Welcome to Career Week! While we always make career-focused content a priority on Fashionista, we thought spring would be a good time to give you an extra helping of tips and tricks on how to make it in the fashion and beauty industries.
In our long-running series, "How I'm Making It," we talk to people making a living in the fashion industry about how they broke in and found success.
Chances are you saw (or will see) something from Herschel Supply Co. today, whether out on the street, at a store or in your very own closet. Over the past 10 years, the Vancouver-based brand, known for its appealingly classic bags and accessories at approachable prices, has acquired an abundant roster of stockists and expanded into almost every wardrobe category, including apparel, headwear and travel. Herschel has even experimented with footwear and collectible toys through unexpected and exciting collaborations (Teva and Bearbrick, respectively).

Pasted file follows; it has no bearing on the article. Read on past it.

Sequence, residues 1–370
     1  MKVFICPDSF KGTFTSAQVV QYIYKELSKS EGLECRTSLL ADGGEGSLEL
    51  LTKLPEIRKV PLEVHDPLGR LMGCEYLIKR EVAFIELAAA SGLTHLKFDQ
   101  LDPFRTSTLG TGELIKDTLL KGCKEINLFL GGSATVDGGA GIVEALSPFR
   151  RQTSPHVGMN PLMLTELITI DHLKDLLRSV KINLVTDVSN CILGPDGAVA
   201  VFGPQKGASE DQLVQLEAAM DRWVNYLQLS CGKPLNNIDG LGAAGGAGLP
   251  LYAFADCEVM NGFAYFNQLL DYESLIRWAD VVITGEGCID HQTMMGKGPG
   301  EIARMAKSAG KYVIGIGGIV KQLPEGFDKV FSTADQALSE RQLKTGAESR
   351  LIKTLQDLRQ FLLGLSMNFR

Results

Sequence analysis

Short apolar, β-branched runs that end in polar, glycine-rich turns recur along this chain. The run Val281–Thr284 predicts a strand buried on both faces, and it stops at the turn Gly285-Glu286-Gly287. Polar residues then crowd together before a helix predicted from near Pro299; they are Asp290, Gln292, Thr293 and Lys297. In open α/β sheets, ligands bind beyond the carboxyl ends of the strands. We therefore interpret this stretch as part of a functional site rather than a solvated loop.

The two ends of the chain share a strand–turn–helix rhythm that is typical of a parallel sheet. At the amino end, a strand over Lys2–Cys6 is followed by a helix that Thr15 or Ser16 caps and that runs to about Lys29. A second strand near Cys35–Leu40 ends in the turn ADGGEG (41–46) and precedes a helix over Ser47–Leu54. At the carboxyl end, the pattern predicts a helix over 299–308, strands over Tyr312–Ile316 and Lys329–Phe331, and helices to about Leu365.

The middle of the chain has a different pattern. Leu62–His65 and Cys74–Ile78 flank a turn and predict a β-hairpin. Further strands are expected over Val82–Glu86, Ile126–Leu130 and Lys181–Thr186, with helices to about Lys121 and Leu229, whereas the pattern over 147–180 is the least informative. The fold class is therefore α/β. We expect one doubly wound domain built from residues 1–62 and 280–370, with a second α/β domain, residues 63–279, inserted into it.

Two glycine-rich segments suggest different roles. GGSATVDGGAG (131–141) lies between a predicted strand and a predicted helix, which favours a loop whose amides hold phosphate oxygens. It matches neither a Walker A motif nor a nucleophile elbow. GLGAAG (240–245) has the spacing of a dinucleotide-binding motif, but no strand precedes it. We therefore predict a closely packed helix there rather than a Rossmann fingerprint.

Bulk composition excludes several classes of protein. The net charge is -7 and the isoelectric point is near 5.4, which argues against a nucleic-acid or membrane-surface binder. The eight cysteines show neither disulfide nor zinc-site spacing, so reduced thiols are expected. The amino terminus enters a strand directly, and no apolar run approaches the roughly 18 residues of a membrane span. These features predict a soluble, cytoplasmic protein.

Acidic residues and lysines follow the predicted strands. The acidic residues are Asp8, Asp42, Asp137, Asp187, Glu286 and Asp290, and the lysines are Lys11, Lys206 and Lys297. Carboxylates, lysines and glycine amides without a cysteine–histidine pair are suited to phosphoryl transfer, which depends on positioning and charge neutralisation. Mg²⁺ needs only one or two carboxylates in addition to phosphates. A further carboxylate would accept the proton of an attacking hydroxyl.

Looking back, brothers Jamie and Lyndon Cormack often joke that they should've quit their jobs and launched Herschel way sooner than they actually did. (Both boast decades of sales and marketing experience in the sneaker and sporting goods space.) In fact, they were running Herschel on the side for around two years until they finally decided to focus on the brand full-time.
"I loved that we constantly kept our other jobs because Herschel almost felt like less of a job when it started. It was that exciting," recalls Jamie. "There were definitely some late nights and extra hours put in until we came to the point where Lyndon and I realized that there was no way that we would be able to execute on absolutely everything that we want with Herschel if we don't allocate 100% of our time to it."
How Poppy Lissiman Turned Her "Terrible" First Eyewear Collection Into the Most Popular Sunglasses Brand on Instagram